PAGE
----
Miami hired him away after last season and he unexpectedly

walked into a massive NCAA investigation. Even with all the tumult,

Golden’s Hurrcianes are 5-4.

”We’re excited about what we’re building here. I can’t worry

about what other people are saying,” Golden said Wednesday when

asked about Penn State during a teleconference for Atlantic Coast

Conference coaches.

There was a time Rutgers coach Greg Schiano was thought to be a

top candidate to replace Paterno.

Schiano never played at Penn State, but Paterno gave him his

first big break in coaching, promoting him from graduate assistant

to defensive backs coach under Sandusky in 1991. Schiano, a New

Jersey native, was at Penn State until 1995 and took over at

Rutgers in 2001. Like Golden, Schiano turned a laughingstock

program into a winner.

Schiano, who turned down a chance to coach Michigan in 2007, is

not as hot an item as he was then and he appears to be comfortably

settled at Rutgers.

Plus, having ties to the old Penn State crew might not work in

anyone’s favor at this point.

The extent of the long-term damage caused by the Sandusky

scandal is also impossible to predict and that could influence who

Penn State is able to hire. NCAA President Mark Emmert has said

that after legal proceedings run their course, the NCAA will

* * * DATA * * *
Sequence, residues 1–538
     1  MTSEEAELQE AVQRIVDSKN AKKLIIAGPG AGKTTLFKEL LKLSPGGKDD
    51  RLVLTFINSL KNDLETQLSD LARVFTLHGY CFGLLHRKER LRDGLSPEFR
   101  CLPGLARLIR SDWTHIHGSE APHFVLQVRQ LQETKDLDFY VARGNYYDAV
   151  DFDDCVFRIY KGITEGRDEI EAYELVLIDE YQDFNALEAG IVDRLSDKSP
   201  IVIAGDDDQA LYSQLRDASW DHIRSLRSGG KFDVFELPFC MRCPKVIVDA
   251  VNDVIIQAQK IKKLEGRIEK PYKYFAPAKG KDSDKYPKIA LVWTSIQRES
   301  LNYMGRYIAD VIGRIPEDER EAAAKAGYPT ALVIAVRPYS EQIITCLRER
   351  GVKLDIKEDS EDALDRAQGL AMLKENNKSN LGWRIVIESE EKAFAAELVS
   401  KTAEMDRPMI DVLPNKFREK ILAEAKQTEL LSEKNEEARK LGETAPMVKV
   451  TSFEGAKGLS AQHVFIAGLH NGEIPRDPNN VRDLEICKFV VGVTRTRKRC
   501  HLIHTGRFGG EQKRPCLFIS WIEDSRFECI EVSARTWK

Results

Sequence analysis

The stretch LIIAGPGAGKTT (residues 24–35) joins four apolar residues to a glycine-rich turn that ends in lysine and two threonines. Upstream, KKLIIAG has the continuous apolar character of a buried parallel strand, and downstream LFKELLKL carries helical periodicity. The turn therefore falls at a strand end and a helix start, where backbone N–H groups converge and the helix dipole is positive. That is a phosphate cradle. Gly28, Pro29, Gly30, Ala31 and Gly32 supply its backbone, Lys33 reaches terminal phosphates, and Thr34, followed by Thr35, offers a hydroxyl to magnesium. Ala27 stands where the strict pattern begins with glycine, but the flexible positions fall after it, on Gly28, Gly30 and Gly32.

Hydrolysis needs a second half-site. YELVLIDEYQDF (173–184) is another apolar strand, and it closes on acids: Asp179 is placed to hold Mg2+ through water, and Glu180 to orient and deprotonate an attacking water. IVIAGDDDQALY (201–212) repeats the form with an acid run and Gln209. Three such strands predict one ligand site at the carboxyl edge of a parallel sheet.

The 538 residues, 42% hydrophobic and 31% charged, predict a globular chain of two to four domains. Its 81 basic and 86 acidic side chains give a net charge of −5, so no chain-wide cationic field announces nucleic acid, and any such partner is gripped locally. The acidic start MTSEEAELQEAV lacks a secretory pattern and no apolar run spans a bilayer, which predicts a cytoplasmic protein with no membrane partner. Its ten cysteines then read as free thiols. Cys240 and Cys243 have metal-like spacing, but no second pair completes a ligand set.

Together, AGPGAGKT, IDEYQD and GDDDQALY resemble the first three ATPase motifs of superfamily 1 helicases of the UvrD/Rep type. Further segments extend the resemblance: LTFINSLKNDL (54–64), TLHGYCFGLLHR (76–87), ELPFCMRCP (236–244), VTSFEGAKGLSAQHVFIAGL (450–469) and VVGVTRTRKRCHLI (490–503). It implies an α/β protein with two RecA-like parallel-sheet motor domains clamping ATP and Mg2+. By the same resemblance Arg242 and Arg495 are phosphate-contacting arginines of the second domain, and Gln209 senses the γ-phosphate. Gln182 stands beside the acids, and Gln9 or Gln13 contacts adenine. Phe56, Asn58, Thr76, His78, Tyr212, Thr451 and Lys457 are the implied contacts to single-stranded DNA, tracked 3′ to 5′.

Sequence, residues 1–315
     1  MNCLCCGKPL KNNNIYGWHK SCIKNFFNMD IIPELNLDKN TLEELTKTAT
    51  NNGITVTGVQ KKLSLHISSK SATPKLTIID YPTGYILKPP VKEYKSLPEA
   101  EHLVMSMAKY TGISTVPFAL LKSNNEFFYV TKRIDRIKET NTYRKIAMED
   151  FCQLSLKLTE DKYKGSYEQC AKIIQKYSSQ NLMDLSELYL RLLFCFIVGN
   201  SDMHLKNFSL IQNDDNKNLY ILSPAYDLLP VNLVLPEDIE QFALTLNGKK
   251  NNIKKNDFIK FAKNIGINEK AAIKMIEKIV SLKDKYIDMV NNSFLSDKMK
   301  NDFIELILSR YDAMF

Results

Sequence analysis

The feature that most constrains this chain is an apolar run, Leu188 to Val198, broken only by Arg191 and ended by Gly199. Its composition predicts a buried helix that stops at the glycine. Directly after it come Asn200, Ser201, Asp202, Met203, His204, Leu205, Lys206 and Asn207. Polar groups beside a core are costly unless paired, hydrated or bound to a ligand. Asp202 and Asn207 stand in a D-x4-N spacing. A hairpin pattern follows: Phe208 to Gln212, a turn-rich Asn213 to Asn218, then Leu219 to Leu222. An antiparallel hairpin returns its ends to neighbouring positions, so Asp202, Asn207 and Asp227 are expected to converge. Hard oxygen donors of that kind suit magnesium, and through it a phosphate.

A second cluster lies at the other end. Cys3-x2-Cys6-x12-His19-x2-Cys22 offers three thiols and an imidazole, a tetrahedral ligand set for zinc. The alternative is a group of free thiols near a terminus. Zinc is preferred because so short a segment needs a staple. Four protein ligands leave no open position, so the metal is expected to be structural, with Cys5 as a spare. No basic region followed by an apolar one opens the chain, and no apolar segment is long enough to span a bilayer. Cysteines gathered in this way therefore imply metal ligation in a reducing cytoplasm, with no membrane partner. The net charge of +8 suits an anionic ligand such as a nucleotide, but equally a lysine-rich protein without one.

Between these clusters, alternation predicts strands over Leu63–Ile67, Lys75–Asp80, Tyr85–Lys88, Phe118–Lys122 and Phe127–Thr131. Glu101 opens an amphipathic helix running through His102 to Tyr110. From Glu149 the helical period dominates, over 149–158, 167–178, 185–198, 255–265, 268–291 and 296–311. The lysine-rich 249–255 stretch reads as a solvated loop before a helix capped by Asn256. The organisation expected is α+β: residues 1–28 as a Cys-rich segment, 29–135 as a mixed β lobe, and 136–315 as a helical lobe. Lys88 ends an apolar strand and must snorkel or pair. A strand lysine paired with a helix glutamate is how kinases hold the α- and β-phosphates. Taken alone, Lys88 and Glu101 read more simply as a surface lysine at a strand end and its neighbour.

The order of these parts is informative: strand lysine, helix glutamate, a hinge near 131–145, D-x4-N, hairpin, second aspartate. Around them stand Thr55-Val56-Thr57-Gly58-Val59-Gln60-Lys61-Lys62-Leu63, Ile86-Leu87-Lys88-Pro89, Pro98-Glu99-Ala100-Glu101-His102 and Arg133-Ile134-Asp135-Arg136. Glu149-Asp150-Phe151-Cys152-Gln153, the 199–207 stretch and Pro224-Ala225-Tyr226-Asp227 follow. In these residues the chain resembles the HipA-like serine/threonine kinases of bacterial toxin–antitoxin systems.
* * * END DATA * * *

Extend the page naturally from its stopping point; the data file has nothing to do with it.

determine if it has any reason to take action against Penn


The type of potentially program crippling sanctions – loss of

scholarships and bowl bans – such as the ones the NCAA levied

against Southern California, and could bring down on Ohio State,

might not come to Penn State.

In that case, the image of the program will be tarnished, but

the foundation would likely be strong.

If that’s the case, consider any top coach a candidate. Boise

State’s Chris Petersen and TCU’s Gary Patterson tend to be

mentioned for every job opening.

Oregon’s Chip Kelly would seemingly have everything a coach

could want, but he was born in New Hampshire so maybe a move from

the Northwest to the Northeast would be appealing.

Northwestern coach Pat Fitzgerald has already shown he can win

at a program with high-academic standards and his character has

never been in question. And who better to coach Linebacker U. than

a former linebacker. That said, the 36-year-old Fitzgerald went to

Northwestern and is fiercely loyal to the school.

Virginia’s Mike London has recruiting connections in the

mid-Atlantic region, a hot spot for Penn State.

Another guy to consider is Iowa coach Kirk Ferentz, who has been

with the Hawkeyes 13 years. Ferentz seems entrenched in Iowa City,

but he went to high school in Pittsburgh and is only 56 years old.

So he’s got another quarter-century ahead of him, by Penn State


If the school is looking for someone with impeccable character

to lead the program out of this sordid scandal, former Indianapolis

Colts coach Tony Dungy, could be a fit.

Still, the Meyer-to-Penn State talk had already started before

Happy Valley turned gloomy. It will only get louder from here.


Follow Ralph D. Russo at www.Twitter.com/ralphDrussoAP